Re: NOSS 2-3 Rk was late last night.

Ed Cannon (ecannon@mail.utexas.edu)
Fri, 15 Jan 1999 22:15:45 -0600

I wrote:

> Last night (early 15 Jan. UTC) NOSS 2-3 Rk (23907, 96-29B) was late,
> perhaps as much as a minute.  

Tonight (Friday night local, early 16 Jan. UTC) I got a better fix on 
NOSS 2-3 Rk, and I think it was about 80 seconds late, plus or minus 
a few seconds.  Again the observing location was Univ. of Texas at 
Austin, 30.286N, 97.739W, 150m -- not a very good site.
 
> It was a beautiful night.  Even with one-power only from this poor
> location, I was able to see 14 satellites ....

Tonight I saw *15* one-power satellites from the same poor location!
When a clear night is combined with a good number of good passes, 
it's neat!  Three of them tonight were Iridiums (11A at a solid -1, 
only 5 deg. above western horizon; 46 at +2 -- faint at only 7 deg. 
above horizon; and 58 at +0, very nice).  Two objects tonight were 
UNIDs, in that they were predicted to be fainter than my original 
magnitude cut-off, but in checking I found them to be OAO 1 Rk (02144, 
66-31B) and Aureole 1 Rk (05730, 71-119B).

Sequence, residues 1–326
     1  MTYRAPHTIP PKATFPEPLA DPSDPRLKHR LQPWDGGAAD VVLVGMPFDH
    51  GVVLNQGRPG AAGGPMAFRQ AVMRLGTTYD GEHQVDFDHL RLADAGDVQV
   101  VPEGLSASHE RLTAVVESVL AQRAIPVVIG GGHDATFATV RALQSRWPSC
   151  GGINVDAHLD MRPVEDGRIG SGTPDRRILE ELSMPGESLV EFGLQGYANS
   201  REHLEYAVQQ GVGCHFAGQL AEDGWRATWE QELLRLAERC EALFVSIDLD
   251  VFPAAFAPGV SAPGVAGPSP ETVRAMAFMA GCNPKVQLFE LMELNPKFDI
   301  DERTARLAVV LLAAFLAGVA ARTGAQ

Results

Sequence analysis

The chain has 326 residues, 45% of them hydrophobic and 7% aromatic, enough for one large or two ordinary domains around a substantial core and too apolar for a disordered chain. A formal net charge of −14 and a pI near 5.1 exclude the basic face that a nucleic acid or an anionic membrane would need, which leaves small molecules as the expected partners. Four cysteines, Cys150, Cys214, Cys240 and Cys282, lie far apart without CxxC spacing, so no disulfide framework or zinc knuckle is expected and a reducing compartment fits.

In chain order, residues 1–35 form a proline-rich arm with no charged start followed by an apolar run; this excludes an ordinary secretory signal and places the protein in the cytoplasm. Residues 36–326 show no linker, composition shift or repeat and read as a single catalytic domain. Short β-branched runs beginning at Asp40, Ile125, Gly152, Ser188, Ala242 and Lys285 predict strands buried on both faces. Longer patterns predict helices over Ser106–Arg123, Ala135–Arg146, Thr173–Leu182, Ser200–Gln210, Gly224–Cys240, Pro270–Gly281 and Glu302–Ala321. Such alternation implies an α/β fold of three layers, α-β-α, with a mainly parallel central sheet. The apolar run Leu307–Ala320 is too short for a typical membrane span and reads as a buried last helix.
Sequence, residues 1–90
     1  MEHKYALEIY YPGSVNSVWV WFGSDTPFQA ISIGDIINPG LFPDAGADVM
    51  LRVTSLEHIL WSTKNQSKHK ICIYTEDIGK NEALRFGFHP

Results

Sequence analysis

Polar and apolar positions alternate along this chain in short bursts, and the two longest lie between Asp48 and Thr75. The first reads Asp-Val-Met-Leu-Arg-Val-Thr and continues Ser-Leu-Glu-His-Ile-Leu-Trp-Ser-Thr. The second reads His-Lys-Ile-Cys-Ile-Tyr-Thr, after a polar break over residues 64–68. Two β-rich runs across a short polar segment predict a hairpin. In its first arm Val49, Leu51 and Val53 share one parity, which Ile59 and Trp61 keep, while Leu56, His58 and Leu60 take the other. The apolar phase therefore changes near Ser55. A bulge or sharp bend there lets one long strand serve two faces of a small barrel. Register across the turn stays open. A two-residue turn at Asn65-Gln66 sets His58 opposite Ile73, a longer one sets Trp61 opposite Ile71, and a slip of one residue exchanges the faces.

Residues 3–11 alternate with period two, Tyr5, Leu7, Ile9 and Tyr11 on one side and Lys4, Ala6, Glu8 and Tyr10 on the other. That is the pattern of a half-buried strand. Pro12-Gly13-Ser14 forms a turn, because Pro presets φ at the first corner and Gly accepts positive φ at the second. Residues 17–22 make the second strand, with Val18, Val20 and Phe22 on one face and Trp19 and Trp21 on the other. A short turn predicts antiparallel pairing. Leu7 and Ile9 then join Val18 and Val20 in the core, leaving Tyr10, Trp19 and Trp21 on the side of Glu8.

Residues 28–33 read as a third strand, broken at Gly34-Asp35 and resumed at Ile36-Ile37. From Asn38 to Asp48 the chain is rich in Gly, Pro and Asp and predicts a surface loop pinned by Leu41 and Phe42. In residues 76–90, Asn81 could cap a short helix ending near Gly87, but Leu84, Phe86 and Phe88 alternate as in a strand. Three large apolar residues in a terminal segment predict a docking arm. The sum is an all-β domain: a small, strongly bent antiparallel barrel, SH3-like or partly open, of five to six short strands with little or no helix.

> ... one of the 14 last night ... an UNID ... was ISS!

There was a nice pass of ISS tonight, and also a pretty good HST pass 
-- not unusually bright, but I watched it for almost 5 minutes.

Lacrosse 3 (25017, 97-64A) flared to +1 at about 2:01:55-2:02:00, 
dimmed, brightened somewhat again before culmination, dimmed again to
very faint, and then brightened again to about +3 before I lost it in
the south.  I think these were effects due to the Sun-object-observer
angle.  (I'm sure "they" would hate for it to go to tumbling!)  I
recommend looking for Lacrosse flares when they're on evening passes
culminating west of the zenith.  I've seen several -- always, I think, 
north of culmination on a southbound pass; at least one of them was 
quite low in the north, long before culmination.
 
Ed Cannon - ecannon@mail.utexas.edu - Austin, Texas, USA